It should thus not be overly startling, perhaps, when US soldiers conditioned to operate in such fashion and to view human life as devoid of value turn their guns on fellow military personnel - and on themselves. In fact, these episodes could be construed as symbolic of the military institution's contributions to individual dehumanisation and alienation from humanity.
By "in such fashion," she means the culture of violence in which military personnel are trained and continue to exist. She rambles on:
Although Specialist Lopez's [the alleged Fort Hood shooter) precise circumstances aren't known, his reported "behavioural and mental health issues" can't be seen as occurring in a vacuum - as much as the US political-military establishment likes to portray such incidents as the isolated fallout of individual defectiveness rather than as evidence of a diseased system.
In her post, she laments how our first instinct is to credit the attack to terrorism*, but she apparently has no similar compulsion to blame a "diseased system" for the actions of an individual. Even though the first Food Hood (calculated) attack by Army Major Nidal Malik Hasan that killed 13 and injured 32, was indeed a terrorist attack. .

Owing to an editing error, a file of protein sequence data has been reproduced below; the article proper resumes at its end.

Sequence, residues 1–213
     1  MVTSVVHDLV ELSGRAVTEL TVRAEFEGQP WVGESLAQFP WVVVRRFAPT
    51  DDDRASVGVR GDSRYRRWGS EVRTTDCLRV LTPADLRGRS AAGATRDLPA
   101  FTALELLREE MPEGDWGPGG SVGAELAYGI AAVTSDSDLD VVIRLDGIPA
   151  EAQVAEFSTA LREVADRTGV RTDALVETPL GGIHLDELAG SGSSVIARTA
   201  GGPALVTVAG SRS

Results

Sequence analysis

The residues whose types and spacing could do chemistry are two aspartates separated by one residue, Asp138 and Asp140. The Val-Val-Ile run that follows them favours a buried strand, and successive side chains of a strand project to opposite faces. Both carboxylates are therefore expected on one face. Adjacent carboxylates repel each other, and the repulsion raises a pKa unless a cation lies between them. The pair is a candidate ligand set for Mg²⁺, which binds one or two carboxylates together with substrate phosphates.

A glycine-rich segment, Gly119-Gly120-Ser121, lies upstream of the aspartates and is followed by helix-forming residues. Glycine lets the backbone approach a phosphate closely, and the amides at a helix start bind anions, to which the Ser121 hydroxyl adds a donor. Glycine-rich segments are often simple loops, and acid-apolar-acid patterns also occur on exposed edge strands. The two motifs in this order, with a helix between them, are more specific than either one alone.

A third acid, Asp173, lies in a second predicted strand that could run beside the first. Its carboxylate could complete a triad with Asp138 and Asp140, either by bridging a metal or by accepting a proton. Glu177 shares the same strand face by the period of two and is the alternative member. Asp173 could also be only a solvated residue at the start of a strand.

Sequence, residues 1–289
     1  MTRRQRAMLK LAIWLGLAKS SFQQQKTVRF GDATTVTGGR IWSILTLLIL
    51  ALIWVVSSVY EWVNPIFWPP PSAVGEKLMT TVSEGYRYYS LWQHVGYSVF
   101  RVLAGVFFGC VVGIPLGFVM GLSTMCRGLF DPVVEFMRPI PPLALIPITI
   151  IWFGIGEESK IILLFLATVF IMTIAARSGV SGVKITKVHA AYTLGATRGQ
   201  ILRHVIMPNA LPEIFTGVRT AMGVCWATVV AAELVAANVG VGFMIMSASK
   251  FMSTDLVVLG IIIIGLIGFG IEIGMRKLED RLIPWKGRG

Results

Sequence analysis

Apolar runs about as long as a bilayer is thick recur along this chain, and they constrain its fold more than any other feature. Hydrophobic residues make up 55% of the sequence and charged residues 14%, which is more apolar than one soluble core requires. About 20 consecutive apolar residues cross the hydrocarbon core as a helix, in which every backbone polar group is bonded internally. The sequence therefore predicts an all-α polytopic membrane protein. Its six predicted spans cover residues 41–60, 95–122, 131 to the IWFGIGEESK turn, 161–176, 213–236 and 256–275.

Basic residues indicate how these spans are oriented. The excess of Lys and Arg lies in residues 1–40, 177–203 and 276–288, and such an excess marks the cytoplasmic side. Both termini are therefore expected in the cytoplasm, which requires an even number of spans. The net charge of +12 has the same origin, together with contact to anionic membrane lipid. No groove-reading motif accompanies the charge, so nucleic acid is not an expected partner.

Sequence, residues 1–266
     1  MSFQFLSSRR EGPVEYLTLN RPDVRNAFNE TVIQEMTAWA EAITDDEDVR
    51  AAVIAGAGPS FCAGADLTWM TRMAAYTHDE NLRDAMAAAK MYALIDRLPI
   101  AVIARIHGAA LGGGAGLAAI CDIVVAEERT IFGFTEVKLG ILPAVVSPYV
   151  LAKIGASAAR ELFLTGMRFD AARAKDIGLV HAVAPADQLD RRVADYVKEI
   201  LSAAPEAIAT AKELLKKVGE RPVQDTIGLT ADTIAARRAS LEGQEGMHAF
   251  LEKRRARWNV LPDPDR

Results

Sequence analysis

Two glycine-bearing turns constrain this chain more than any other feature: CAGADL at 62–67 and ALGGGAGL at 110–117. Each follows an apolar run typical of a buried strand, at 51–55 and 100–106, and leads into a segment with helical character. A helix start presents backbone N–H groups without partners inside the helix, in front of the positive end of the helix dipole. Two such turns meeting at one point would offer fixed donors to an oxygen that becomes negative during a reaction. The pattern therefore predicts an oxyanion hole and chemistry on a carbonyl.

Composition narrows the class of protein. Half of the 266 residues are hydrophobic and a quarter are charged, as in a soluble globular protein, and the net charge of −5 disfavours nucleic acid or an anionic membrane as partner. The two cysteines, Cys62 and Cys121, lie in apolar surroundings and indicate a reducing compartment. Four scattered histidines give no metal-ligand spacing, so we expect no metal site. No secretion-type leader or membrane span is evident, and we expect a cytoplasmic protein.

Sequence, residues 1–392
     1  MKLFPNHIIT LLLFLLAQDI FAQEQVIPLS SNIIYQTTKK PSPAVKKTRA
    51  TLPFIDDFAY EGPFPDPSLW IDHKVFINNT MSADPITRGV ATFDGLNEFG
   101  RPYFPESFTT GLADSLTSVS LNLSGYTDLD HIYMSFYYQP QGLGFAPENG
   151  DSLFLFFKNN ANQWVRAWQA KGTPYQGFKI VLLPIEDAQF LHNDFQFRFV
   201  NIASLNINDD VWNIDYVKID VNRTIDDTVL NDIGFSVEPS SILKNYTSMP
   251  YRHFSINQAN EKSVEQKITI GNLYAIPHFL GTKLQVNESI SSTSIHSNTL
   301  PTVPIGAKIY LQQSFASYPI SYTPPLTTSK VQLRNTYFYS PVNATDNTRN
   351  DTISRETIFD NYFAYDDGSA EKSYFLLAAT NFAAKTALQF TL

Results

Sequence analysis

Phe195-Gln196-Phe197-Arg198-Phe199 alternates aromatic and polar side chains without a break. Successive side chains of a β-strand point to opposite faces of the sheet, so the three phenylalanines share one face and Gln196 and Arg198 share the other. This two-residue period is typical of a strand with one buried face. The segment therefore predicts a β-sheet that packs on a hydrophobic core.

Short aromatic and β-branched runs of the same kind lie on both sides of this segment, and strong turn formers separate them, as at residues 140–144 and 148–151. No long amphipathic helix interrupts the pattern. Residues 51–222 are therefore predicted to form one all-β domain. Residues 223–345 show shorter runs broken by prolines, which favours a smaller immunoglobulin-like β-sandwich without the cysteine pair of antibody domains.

Some people will go to any lengths to feed their knee-jerk ideology.
*The trotting out of the possibility of terrorist connivance in the incident is, of course, unsurprising. In fact, the terrorist menace has become so institutionalised in US discourse and analysis that one half-expects to open the newspaper in the morning to find reports to the effect of: "A collision on such-and-such highway killed four people last night. Terrorism did not appear to be the motive."
What was America's greatest come-from-behind war? Go here to find out.
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